Xenophobia and SA's structural riddle

A GROWING disillusionment and frustration among the youth of South Africa regarding the state of affairs in the country is playing out in an ugly fashion.

The economy continues to reproduce inequality and anger among the black youths.

Julius Malema of the Economic Freedom Fighters (EFF) shows a better appreciation of the issue and perhaps the correct prediction that xenophobic violence, or its end, will not solve the problem.

The repeated xenophobic violence in South Africa is aporophobic, meaning it is targeting people from a poor and working class background, but also it is Afrophobic in that its victims are African migrants.

The violence is therefore not a generalised attack on foreigners, whereas there are many shades of foreigners in South Africa, but black poor Africans from countries to the north, including Zimbabwe.

The disadvantaged South African population hates fellow Africans due to their perceived role as competitors for dwindling opportunities, but the issue is much more complex.

As Malema says, if the foreigners leave, unemployment and inequality in South Africa will most probably remain.
A deeper structural issue causes the current state of affairs in the country.

One knows about this, because a pretty much similar anti-immigration sentiment has swept European countries, in recent years, leading to the rise in right-wing ideologies.
Similar questions about stolen opportunities have been heard there too.

In the case of the United States, veteran Canadian journalist Gwynne Dyer argues persuasively that immigration has not stolen jobs, for instance, as much as industry automation.

Another view, as Nobel Prize-winning economist Joseph Stiglitz argues, is that the problem of inequality and multiple societal frustrations and aggressions associated with it are probably a direct result of how globalisation has unfolded.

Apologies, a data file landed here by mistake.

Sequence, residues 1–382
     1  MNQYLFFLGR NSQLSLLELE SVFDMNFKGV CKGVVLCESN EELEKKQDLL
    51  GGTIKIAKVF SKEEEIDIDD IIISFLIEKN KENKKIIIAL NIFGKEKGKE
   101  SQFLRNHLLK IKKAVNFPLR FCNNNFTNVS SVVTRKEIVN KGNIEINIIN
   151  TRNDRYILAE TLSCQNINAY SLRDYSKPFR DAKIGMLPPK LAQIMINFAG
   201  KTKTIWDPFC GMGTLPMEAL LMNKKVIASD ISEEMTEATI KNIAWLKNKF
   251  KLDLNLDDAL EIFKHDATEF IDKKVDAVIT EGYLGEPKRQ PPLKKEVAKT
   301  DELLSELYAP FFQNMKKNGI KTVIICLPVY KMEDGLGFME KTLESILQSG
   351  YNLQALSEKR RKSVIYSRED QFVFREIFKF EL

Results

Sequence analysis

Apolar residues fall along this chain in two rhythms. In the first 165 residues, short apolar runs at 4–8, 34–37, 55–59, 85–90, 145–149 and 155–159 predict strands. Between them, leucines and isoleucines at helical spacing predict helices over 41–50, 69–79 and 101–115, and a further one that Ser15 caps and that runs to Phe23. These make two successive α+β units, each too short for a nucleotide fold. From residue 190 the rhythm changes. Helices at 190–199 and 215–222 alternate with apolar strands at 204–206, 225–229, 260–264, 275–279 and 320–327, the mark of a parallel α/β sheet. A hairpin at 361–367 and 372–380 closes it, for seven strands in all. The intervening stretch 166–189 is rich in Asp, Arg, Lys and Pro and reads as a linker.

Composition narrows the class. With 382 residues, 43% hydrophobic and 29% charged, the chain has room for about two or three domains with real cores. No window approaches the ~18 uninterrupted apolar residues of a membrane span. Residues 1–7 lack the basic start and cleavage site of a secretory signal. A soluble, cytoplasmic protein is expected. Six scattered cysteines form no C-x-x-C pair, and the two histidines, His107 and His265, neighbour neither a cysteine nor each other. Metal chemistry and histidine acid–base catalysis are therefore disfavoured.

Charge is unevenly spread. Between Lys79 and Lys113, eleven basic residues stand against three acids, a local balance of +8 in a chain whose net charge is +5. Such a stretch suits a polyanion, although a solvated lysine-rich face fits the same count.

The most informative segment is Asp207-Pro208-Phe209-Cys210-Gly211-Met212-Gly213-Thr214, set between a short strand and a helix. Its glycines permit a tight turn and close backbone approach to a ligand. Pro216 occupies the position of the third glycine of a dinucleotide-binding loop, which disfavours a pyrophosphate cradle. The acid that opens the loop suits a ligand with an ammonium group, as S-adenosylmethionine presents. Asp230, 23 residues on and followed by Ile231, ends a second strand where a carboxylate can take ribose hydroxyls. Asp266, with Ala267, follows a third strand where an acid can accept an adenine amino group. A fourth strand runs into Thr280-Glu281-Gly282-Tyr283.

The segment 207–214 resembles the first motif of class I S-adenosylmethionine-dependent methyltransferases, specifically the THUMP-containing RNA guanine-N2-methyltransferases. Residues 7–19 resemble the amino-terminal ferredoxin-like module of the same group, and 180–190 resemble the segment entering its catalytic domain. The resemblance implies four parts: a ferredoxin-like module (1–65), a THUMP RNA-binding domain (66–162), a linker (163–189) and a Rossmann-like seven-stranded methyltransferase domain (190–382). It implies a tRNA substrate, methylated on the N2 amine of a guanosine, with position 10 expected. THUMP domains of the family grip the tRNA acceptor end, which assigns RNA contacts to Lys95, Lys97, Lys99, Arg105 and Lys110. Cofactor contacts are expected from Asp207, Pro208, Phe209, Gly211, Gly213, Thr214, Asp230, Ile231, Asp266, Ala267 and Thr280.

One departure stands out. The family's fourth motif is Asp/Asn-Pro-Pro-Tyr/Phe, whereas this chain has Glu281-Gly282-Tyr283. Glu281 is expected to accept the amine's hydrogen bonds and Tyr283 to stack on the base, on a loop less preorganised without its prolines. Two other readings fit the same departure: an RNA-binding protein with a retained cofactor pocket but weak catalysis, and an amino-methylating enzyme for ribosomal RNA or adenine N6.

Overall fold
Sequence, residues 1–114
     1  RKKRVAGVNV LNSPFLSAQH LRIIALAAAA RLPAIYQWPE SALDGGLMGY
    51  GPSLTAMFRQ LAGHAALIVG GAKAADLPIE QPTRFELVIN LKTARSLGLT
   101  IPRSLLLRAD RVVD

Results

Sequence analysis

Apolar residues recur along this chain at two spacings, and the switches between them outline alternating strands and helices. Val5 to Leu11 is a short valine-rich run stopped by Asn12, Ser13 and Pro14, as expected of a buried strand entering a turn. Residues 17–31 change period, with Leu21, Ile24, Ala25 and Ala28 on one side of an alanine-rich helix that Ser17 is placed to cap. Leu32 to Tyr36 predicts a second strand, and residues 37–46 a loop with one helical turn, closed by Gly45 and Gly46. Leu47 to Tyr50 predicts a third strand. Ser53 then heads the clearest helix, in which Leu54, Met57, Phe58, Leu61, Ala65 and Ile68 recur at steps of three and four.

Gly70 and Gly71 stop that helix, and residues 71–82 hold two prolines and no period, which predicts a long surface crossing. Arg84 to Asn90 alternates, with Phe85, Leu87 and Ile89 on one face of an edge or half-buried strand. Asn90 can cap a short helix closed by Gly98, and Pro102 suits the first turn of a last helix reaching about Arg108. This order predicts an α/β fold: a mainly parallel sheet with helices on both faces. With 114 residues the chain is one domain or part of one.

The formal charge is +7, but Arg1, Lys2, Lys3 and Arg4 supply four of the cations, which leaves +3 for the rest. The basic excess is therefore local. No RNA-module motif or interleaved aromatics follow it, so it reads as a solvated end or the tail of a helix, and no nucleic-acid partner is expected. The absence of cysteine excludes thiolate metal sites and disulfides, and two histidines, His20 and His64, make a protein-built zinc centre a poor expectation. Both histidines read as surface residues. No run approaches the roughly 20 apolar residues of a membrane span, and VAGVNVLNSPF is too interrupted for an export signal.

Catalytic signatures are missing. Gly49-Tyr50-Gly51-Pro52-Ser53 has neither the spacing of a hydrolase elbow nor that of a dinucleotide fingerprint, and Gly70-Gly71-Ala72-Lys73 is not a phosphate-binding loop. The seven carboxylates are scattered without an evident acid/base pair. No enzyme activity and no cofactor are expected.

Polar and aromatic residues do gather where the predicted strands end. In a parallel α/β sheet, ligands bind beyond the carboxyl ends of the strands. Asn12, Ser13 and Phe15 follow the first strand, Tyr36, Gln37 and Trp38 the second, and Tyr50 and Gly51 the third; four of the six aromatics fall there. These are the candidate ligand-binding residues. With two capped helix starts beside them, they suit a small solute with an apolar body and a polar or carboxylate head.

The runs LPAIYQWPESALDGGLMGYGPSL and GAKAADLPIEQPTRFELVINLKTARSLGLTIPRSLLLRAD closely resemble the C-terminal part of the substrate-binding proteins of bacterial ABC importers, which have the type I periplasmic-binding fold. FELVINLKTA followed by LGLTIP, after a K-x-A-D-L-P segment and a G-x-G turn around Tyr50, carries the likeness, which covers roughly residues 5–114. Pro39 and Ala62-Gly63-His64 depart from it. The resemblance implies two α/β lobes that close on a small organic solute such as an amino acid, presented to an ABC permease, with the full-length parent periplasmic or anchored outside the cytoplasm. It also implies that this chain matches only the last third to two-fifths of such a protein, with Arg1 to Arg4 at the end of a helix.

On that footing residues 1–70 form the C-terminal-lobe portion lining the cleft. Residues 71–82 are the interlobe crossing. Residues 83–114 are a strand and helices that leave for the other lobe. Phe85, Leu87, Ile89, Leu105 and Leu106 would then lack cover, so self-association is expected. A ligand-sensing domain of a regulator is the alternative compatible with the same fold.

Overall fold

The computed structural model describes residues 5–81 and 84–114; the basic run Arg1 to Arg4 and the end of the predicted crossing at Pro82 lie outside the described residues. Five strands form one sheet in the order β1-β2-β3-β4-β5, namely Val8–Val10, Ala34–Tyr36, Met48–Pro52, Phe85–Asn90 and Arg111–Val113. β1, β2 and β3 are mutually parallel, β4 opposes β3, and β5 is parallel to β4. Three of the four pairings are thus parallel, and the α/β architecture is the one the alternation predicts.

The South African economy compares highly in Africa among countries that have been integrated into global capitalism.

When one looks at South Africa, especially black and poor South Africa, the outstanding question could be how political independence has not been able to deliver economic goods, but has brought about a crisis of two nations.

It may be no wonder that the EFF’s stoke has risen in a very short period because its palm lies at the very pulse of the popular economic question and economic redistribution as a fulfilment of political freedom.

While today the frustration is being confronted, or more accurately unconsciously emitted through scapegoating of African foreigners, time may be running out before real social conflict among unequal layers of South Africans themselves emerge.

The democracy that Nelson Mandela helped build cannot exist in a frozen State, but it probably rested on the unspoken assumption that as the years progressed the many questions lying at the heart of Apartheid’s popular rejection would be dealt with amicably.

In this sense, for any group to neglect these questions, or seek to entrench the unjust distribution of wealth that the pre-1994 system promoted would be a betrayal of the miracle of South Africa’s peaceful democratic transition and its future promise.

The fundamental fact cannot be missed that the end of Apartheid was not the end, but the beginning of a consensual resolution of many of its toxic questions.

While it is important that many of South Africa’s political leaders understand that the Zimbabwean error, the (Robert) Mugabe-style confrontation and chaos, must not be copied because its disastrous results are self-evident, there is also need to appreciate the equal dangers of a do-nothing option.

Yet, it cannot be forgotten that the influx of economic migrants, including from Zimbabwe, or any other country, however, inconsequential to the deep structural questions affecting South African society as Malema correctly reads, this wave of immigration has worsened extant feelings of frustration and anger. 

Sadly, to cover up for their own omissions, some South African politicians, have made utterances, which have further promoted the othering of African migrants.

Just like the wave of migration to Europe across the Mediterranean sea, the African migrant crisis in South Africa is also linked to instability and economic collapse in source countries.

The subliminal message for Zimbabweans, for instance, including by politicians and ordinary South Africans, is that Zimbabweans must come back home and face their government.

The irony, however, is that the same South African government has been supportive of the same oppressive system, which continues to make Zimbabweans economic refugees for the past two decades.


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